The press surge in the aftermath of the murder of George Floyd and the reemergence of the BLM movement put every aspect of racial politics and inequalities on everyone's desks and screens in every industry. Nordstrom chose to hand over all creative license to five outsiders from their establishment, rendering control to those that may not share their brand cultural DNA, I imagine that was the most unnerving and challenging aspect, the brand not having jurisdiction over the narratives being created. This has to be one of the ways forward within fashion and media, the curriculum can't be decolonized if the colonizers are still controlling every narrative through their biased lens.

For myself and the other curators, this is what we do all the time, creating beautiful stories and assets, this project will hopefully give other brands the confidence to share their platforms so that untold stories, views and cultures can share the spotlight.

In this Nordstrom curation, you brought a lot of new Black design references and stories. Would you be able to describe or list what these references and stories are and how did you fuse them into the curation?

I have been trying to tell brands for about 7 years about the rise of roller skating, I often saw many kids near my home tearing up the roads on their skates, brands are slow, so I had to tell the story myself. To fuse roller skating with reggae and sound system culture was a story I had never seen before, it felt fresh to make the film Rockers Revenge and give every brand their own bit of spotlight.

With our label @Letings_ we introduced the laundry print hoodie which has it's roots in 80's West African socio politics, and also a hoodie inspired by the hot drink Milo which is a staple in Afro Caribbean and Asian homes across the globe, it was really important to introduce these tropes on this platform as they have a wider appeal than their origins. We have totes which are recreated from rice sacks sourced in West Africa, we are remixing our own symbols and representing them.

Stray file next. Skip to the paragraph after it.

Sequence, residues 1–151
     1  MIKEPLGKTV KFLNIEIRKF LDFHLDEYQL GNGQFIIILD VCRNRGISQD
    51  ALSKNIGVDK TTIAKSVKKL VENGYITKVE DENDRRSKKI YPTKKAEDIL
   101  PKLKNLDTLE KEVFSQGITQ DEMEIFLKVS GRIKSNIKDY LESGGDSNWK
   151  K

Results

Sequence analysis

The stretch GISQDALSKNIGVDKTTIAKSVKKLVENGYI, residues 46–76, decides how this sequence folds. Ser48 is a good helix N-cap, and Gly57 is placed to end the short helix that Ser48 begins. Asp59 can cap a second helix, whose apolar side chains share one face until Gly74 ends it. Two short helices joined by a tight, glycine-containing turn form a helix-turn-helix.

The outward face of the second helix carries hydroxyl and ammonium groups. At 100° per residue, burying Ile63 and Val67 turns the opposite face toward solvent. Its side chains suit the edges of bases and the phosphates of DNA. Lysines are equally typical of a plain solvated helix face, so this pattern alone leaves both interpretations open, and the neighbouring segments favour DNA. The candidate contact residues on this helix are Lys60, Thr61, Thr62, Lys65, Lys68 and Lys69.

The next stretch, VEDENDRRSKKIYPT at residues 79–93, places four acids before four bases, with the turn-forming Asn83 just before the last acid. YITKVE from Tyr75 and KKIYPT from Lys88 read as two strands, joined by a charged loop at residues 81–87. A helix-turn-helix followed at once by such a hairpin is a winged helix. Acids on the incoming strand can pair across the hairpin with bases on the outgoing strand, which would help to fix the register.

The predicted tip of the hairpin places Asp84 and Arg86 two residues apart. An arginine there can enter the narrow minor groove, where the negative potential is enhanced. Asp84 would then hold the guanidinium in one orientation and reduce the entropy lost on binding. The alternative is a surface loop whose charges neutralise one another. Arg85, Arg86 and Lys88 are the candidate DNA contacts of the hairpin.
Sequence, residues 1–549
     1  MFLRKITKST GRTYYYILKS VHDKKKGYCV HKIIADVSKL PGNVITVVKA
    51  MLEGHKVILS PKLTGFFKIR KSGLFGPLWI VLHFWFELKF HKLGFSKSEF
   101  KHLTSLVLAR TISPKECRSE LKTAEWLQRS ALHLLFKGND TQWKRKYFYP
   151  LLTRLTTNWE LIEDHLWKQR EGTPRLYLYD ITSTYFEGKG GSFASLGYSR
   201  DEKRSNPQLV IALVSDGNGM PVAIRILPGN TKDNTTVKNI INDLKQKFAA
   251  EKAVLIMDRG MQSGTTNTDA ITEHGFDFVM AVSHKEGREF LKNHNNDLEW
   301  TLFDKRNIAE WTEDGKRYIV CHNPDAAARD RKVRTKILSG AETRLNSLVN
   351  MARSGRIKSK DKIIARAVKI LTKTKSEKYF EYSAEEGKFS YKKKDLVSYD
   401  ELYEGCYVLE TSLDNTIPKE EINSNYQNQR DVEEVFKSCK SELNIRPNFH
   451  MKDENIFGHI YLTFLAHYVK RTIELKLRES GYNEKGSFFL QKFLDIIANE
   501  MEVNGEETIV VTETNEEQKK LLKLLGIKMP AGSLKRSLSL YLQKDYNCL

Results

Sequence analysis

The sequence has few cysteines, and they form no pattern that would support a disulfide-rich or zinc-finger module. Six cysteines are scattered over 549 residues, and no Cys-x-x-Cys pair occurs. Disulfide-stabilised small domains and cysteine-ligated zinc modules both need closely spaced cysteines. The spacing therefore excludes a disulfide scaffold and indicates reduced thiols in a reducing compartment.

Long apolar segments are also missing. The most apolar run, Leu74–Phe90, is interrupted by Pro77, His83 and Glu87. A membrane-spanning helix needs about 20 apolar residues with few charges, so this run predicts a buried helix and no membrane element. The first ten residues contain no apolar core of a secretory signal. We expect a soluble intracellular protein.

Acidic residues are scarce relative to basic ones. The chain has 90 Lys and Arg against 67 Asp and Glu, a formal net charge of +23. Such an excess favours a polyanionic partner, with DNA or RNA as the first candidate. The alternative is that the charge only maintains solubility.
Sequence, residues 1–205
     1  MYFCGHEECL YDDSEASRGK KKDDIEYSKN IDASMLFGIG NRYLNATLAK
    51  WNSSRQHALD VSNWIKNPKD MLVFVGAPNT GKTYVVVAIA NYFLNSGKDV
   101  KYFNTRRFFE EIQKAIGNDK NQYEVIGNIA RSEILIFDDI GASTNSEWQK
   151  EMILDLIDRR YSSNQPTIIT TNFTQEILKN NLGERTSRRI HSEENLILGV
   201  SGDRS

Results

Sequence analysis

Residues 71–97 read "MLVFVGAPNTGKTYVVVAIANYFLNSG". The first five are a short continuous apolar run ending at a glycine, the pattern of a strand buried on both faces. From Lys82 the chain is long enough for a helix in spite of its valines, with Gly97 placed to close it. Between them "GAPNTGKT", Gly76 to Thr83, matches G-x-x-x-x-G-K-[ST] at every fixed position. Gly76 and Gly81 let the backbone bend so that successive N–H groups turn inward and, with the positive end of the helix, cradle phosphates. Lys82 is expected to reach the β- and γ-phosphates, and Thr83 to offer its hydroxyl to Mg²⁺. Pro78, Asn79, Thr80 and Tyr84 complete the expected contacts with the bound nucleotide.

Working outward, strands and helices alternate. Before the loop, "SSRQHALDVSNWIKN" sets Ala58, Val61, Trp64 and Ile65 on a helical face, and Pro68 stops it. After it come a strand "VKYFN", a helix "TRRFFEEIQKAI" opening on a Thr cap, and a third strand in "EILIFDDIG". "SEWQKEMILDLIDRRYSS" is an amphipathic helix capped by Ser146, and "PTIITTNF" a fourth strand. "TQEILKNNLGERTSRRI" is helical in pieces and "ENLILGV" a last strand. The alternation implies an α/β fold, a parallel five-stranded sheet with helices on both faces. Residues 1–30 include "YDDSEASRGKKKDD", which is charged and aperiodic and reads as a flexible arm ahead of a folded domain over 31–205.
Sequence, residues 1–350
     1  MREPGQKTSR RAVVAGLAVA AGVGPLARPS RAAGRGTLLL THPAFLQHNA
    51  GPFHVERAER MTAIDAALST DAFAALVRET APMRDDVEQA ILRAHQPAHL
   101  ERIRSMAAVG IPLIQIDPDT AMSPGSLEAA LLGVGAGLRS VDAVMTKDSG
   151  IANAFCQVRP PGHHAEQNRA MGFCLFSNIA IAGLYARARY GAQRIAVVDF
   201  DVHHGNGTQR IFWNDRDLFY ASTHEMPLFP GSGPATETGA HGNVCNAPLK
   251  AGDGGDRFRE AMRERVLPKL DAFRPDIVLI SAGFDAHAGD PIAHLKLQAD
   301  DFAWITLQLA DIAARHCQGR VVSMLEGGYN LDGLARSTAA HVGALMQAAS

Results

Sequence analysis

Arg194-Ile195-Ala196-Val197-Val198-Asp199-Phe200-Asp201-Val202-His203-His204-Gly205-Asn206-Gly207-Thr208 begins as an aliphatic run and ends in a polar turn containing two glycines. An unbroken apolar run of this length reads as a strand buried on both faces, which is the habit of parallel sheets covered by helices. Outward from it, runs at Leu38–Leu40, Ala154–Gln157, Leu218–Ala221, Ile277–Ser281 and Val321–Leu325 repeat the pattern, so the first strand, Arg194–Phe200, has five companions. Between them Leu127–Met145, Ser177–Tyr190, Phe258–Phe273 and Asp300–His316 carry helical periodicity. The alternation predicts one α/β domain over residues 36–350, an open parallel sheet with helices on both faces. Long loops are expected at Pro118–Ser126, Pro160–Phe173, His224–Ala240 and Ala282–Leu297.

You have been working for nearly two decades now, bringing cultural values and storytelling to visuals. Has the social and cultural movement last year impacted your direction or your goals?

There are much bigger stories that I need to tell that can communicate on multiple levels. 2020's wider cultural exposure to endemic institutionalized racism has further endorsed my general practice ethos, I will forge ahead and go deeper with my referencing and projects. There is a broader appetite for stories with cultural integrity that are also visually engaging and commercially viable.

What's next for you?

I am working on a large Black Beauty immersive exhibition which has a few unique offerings on what that term means. I am creative director for musician Kae Tempest, we have just started developing the 4th album campaign. We are also working on an original store installation for our brand letings.co in London , we are currently planning the visual identity and a cultural program to support the launch, that will hopefully be opening by summer this year.

Concept 012: Black_Space is open now until early May in select Nordstrom stores and Nordstorm.com.

Photography: Bevan Agyemang